Connecticut Area Health Education Center
Now celebrating ten years of operation, CT AHEC’s Urban Service Track program is designed to produce a cadre of well qualified health care professionals committed to serving Connecticut’s urban underserved populations. As Urban Health Scholars, participants represent a select group of students enrolled in the University of Connecticut Schools of Dental Medicine, Medicine, Nursing, Pharmacy, Social Work and Quinnipiac University’s Physician Assistant program.
A total of 50 to 54 Urban Health Scholars are selected each year from among qualified applicants who have a demonstrated commitment to service. Admitted as “cohorts” Urban Health Scholars come from two universities, four campuses, and six schools. More than 160 students at different training years participate in the Urban Service Track, annually.
The focus of UST is enhancing health profession student knowledge about interprofessional collaborative care, medical management of vulnerable and underserved patient populations, primary care and public service. Urban Health Scholars gain valuable exposure to the complex and challenging issues of health care in the inner city.
Students develop competencies in the following areas: cultural humility and linguistics, population health, health policy, advocacy, health care financing and management, leadership, community resources, interprofessional health care teams, quality improvement and patient safety.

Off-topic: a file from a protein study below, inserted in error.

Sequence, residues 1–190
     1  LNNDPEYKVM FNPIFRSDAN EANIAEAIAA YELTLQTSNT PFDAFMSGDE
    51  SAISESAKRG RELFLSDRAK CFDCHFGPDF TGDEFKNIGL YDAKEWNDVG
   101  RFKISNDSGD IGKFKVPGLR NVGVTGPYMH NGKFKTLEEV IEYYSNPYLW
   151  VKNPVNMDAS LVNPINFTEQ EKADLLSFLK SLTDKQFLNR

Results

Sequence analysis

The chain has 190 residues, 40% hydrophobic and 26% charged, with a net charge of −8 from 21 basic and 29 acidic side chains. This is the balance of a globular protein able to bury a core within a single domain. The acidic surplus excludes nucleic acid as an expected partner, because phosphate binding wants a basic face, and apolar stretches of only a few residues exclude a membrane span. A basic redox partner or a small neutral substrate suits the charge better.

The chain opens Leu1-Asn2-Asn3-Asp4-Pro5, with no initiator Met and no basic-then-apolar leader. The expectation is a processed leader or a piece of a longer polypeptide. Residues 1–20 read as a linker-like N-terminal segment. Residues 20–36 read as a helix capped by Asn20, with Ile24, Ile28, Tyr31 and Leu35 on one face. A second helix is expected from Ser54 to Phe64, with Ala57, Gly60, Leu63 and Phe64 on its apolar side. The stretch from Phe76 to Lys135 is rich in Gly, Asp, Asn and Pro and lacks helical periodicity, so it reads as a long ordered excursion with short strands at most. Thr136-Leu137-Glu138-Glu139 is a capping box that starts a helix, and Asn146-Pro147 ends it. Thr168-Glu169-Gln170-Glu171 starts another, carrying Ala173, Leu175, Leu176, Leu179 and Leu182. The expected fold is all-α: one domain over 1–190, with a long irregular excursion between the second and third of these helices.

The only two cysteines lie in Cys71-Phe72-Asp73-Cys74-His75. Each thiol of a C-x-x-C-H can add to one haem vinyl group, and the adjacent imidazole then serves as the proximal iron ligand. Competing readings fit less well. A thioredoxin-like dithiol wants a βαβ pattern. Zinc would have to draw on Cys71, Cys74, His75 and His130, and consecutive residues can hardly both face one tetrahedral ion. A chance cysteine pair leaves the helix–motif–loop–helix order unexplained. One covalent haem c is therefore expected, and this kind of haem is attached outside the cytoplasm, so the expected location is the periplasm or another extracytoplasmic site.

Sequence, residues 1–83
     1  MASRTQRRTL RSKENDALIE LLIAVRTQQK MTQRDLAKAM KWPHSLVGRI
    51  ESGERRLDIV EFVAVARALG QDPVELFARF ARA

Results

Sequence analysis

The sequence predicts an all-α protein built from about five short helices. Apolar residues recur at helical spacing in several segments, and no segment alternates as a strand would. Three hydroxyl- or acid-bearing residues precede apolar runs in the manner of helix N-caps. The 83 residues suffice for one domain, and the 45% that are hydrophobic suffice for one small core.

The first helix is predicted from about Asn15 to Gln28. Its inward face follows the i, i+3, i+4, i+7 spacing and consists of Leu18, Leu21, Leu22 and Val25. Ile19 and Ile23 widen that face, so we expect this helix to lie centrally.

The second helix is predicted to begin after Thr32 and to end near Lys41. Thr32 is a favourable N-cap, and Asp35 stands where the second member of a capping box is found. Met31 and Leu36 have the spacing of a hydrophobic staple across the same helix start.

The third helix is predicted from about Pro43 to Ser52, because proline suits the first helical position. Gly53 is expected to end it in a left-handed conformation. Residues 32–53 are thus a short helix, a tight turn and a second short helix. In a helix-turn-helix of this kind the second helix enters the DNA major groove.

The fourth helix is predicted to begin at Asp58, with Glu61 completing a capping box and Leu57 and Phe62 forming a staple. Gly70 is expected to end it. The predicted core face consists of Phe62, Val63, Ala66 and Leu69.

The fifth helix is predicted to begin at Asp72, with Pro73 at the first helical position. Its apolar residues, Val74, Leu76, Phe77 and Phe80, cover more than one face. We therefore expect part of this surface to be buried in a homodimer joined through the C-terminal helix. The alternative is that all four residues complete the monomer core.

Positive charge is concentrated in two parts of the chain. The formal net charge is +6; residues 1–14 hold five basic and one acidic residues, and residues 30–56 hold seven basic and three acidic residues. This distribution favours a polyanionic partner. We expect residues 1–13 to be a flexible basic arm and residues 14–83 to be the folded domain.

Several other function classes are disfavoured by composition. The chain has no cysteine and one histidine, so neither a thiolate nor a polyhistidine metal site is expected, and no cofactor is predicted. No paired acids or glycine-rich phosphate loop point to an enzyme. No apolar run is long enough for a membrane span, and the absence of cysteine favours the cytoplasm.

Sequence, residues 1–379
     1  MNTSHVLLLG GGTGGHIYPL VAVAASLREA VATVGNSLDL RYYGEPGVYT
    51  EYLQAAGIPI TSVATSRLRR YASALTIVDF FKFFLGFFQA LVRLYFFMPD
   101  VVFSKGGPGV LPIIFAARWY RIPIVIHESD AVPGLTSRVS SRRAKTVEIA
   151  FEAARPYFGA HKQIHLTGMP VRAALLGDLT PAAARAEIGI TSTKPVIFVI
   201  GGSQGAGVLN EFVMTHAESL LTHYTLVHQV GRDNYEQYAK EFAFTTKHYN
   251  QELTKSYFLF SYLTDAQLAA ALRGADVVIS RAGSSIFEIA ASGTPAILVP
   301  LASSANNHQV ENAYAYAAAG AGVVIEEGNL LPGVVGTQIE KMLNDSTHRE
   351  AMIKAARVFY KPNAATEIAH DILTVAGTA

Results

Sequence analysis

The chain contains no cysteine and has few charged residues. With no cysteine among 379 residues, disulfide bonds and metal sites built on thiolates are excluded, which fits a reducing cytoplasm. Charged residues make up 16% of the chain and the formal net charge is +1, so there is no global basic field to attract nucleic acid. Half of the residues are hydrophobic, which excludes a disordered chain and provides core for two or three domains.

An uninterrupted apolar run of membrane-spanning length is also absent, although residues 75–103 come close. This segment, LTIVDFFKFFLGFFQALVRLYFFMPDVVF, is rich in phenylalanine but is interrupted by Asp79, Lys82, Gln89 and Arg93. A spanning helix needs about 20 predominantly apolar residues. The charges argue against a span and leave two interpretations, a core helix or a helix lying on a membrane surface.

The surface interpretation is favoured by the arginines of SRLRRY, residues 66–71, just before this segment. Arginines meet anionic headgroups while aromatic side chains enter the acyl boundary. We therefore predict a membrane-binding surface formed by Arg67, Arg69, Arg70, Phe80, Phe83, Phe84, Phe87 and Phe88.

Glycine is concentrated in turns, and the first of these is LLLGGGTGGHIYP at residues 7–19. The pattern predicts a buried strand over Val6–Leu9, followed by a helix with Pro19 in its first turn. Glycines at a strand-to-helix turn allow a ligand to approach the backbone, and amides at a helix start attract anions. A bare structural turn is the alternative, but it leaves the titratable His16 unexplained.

In addition to completing the basic science and clinical curricula of their respective schools, Urban Health Scholars are exposed to a set of interprofessional experiences designed to heighten awareness of the intriguing challenges and unique opportunities in urban communities. Where possible, clinical training occurs in federally qualified health centers and other primary care facilities in Connecticut’s urban underserved communities. Elective clinical experiences focus on underserved settings such as homeless shelters and migrant farm worker clinics.
The Urban Service Track officially enrolled its first group of students in the fall of 2007. More than 430 Urban Health Scholars have participated in the program to date and approximately 50% of medical student graduates have continued residency training in primary care fields. A strong mentorship component supports Urban Health Scholars as they navigate their own personal and professional development. Leadership and advocacy training is also provided through the UST leadership cabinet, community based summer projects, and attendance at state, regional and national professional meetings focused on vulnerable and underserved populations. For more information, contact Petra Clark-Dufner at firstname.lastname@example.org.